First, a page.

Review of La Bella Lingua is by Susan Spalt
Some years ago I took a class in the history of the Italian language. It was somewhat difficult, as it was taught in Italian, but I learned so much about a language that I love, that I became completely absorbed in studying and reading.
Imagine my surprise when I came across a book that has much of the same information, and more, written in English!
The book, La Bella Lingua by Dianne Hales, is the story of one woman’s love affair with Italian. This book includes chapters on the history of Italian, including entertaining descriptions of Dante, Machiavelli and other famous Italian writers. There are also chapters which address the uniquely Italian approach to loving, eating, living, and even getting angry.
If you have ever wondered why In boca al lupo (In the mouth of the wolf) means good luck in Italian and buona fortuna (good luck) is considered unlucky—this is the book for you. It is highly entertaining and readable—and will be enjoyed whether you speak fluent Italian or just a few words.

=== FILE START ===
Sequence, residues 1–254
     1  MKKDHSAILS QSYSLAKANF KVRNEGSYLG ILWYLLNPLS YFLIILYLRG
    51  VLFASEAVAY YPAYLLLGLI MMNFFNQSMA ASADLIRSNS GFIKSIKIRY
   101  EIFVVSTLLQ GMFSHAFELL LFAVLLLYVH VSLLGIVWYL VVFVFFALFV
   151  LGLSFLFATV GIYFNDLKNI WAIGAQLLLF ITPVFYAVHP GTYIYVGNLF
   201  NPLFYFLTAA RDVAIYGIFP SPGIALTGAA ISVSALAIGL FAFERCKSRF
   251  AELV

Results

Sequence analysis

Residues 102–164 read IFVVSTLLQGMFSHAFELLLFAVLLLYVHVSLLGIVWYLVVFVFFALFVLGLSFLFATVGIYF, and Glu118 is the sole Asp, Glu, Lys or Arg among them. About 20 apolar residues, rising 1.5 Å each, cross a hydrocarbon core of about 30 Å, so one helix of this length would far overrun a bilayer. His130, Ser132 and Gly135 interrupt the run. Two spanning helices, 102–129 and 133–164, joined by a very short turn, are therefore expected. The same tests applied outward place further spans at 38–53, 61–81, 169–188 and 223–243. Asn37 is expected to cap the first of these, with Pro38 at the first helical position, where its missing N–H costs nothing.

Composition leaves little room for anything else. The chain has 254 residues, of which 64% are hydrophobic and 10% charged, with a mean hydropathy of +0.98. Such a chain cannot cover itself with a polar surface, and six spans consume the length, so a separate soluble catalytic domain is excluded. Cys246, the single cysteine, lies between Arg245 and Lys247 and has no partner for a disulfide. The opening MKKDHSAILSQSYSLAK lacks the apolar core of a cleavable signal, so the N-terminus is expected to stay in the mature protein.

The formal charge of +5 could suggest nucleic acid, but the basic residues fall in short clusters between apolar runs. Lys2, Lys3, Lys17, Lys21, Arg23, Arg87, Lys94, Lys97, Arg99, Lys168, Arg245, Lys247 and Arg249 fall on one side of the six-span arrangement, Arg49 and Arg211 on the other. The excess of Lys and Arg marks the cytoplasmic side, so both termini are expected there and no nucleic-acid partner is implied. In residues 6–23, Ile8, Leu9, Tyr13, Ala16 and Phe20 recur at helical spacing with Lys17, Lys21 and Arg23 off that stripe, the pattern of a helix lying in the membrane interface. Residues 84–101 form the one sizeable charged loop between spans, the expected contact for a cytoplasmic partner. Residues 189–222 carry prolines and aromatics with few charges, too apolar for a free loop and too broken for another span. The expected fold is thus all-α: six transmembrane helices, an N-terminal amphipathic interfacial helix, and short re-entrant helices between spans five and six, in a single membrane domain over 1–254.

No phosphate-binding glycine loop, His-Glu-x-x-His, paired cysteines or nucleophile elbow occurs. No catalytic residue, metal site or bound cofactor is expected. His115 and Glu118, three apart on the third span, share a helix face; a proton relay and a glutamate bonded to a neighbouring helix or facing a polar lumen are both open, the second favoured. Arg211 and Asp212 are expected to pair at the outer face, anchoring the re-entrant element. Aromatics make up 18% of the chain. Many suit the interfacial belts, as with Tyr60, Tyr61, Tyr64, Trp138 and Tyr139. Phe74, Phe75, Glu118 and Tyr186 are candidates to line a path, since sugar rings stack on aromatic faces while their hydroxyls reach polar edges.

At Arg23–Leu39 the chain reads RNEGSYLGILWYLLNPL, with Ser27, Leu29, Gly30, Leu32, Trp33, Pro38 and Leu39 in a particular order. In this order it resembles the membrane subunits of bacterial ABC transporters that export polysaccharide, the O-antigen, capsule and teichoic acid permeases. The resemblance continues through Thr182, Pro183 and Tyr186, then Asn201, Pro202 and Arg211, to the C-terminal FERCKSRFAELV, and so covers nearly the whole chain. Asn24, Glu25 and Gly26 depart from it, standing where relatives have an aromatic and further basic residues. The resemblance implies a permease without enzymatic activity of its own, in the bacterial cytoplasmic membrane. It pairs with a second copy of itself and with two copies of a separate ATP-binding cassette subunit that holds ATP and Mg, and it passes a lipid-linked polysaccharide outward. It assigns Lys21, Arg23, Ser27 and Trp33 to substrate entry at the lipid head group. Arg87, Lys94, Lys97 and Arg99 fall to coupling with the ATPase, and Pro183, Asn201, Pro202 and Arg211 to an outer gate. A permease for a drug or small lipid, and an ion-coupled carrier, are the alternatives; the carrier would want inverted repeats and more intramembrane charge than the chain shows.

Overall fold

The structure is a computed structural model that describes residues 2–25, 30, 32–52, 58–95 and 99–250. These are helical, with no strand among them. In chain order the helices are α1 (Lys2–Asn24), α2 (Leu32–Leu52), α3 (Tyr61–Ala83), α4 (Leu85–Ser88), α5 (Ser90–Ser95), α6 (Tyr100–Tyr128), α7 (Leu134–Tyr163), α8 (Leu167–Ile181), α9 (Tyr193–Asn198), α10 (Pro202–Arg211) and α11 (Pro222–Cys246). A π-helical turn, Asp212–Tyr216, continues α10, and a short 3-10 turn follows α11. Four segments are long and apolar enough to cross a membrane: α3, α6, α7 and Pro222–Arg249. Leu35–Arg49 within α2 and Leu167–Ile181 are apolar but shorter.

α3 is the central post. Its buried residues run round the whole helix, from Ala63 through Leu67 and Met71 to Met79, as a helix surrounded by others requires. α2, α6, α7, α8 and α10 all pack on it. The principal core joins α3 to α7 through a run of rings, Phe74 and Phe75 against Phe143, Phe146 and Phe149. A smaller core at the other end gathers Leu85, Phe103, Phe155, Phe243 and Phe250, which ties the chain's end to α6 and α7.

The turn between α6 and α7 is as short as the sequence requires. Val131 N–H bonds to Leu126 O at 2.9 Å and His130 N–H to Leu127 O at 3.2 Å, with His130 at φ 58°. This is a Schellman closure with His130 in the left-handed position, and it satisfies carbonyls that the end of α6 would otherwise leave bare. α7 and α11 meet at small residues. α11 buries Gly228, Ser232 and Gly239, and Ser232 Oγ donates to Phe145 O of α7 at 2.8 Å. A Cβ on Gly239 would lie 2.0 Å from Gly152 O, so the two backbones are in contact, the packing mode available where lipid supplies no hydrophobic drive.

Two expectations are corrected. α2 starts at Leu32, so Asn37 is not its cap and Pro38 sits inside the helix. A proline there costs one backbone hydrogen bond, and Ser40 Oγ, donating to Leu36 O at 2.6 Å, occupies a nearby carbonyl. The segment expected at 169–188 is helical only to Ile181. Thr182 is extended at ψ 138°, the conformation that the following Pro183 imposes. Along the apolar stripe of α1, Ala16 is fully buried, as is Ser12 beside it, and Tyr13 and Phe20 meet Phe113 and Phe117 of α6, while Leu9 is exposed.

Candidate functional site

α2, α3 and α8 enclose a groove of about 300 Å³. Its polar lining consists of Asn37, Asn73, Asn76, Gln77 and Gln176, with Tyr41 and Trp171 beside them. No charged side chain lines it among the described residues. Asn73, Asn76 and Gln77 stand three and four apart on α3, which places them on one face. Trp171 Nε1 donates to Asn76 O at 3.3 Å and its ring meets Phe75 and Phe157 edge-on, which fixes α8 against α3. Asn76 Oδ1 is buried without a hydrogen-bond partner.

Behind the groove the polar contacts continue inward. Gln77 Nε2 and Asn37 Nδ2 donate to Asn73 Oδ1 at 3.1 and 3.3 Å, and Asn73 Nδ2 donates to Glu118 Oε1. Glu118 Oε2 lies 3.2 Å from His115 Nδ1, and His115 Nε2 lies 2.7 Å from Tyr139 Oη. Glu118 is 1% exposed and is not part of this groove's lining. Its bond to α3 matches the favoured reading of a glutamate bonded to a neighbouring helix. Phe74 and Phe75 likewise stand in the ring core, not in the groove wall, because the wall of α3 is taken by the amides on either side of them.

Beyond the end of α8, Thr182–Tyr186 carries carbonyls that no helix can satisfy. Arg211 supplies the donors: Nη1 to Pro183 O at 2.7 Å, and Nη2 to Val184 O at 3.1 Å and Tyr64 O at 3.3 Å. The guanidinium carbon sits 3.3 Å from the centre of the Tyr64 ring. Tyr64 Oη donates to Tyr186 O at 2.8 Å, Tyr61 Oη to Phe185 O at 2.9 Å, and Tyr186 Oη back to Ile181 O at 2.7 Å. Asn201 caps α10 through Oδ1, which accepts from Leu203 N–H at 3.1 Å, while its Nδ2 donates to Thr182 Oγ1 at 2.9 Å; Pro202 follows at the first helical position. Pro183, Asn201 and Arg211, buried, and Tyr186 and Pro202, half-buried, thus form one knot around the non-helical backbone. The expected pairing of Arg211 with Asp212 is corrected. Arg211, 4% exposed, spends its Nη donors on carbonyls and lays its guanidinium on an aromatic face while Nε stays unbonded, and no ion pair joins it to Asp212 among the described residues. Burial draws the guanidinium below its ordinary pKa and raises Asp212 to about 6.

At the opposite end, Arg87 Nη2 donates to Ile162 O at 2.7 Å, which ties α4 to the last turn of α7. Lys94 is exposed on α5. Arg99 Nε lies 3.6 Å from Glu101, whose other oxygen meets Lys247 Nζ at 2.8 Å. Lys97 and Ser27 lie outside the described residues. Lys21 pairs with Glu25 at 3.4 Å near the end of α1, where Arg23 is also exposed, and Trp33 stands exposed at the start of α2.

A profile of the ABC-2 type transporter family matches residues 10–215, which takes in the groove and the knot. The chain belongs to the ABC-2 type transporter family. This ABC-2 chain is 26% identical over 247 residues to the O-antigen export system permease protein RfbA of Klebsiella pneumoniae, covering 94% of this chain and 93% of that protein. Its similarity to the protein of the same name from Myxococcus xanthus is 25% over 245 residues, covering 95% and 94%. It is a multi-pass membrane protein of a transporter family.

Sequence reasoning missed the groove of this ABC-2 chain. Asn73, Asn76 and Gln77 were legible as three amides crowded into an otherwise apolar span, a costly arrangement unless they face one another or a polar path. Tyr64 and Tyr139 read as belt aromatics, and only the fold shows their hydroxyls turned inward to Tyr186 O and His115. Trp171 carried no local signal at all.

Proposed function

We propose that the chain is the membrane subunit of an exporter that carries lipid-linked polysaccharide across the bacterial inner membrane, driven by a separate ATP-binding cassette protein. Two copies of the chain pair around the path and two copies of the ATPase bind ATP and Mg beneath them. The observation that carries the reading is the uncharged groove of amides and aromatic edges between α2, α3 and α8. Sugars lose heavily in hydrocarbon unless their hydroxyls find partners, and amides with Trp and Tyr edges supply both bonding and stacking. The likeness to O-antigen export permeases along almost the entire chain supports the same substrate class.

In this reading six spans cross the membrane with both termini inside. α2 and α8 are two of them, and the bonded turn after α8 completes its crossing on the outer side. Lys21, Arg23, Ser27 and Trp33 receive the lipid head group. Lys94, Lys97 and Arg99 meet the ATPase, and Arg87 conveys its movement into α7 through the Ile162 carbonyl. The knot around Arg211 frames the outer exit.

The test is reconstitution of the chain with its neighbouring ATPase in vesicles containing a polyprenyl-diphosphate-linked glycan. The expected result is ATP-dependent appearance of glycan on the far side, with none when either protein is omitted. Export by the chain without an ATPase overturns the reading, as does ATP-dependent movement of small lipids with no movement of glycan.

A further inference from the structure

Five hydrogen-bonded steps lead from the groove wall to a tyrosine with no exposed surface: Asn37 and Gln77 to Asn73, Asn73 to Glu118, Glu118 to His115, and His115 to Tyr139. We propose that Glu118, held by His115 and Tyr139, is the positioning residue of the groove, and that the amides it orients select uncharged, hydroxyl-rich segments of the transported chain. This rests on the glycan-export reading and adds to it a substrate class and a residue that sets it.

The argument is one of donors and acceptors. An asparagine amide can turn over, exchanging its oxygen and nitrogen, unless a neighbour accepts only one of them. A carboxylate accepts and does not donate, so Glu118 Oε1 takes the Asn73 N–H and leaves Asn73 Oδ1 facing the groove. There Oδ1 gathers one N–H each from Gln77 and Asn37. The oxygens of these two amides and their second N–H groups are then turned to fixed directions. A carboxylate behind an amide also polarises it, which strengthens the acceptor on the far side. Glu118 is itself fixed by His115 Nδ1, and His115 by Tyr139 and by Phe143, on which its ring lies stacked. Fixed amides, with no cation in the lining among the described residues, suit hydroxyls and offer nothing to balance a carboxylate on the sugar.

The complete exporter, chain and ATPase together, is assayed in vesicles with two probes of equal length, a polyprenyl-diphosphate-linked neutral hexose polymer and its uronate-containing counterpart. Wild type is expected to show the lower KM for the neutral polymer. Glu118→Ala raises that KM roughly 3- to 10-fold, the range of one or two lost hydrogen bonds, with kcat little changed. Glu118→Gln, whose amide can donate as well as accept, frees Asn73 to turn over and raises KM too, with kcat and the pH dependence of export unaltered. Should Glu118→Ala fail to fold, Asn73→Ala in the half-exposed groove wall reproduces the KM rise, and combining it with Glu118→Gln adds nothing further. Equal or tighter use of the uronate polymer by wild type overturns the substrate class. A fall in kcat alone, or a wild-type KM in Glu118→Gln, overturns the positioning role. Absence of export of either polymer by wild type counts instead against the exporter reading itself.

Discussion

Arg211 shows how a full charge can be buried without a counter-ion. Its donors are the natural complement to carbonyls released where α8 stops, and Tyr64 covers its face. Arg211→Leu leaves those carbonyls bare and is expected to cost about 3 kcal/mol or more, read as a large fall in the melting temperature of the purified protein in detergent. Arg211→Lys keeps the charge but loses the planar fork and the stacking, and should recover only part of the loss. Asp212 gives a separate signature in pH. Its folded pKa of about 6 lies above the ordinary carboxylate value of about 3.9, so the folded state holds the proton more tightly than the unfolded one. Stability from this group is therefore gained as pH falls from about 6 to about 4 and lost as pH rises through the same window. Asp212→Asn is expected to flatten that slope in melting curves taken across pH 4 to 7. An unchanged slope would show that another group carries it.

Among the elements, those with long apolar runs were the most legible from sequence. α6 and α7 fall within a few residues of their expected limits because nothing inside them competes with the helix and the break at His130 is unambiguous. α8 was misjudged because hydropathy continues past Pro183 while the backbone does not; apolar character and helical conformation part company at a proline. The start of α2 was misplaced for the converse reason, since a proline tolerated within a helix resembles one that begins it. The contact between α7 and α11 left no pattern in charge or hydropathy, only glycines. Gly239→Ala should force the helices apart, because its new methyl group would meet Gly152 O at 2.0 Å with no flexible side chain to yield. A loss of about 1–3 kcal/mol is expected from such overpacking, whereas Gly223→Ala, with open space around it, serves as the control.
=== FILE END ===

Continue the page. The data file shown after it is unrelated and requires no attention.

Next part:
Incidentally—the correct response to in boca al lupo is crepi il lupo, or let the wolf die!
La Bella Lingua by Dianne Hales was given 5 stars from Amazon readers!
From Publishers Weekly
In this charming love letter to the language and culture of Italy, journalist Hales recounts her inebriation with Italian’s sounds and her lovesickness over its phrases.
Enamored of this lovely and lovable language, Hales immerses herself in Italian culture on numerous trips to Italy in her attempt to live Italian.
She comes to think of Italian as a lovable rascal, a clever, twinkle-eyed scamp that you can’t resist even when it plays you for a fool. Hales regales us with the mysteries of the language, such as when a color becomes more than hue.
She tells us that yellow, for example, refers to a mystery because thrillers traditionally had yellow covers. In her rapture over the language, she also swoons over Italian literature (from Dante to Manzoni), opera (Verdi and Puccini) and cinema (Marcello Mastroianni and Fellini) as she rehearses the many ways in which the language has seductively slipped into Western culture and consciousness.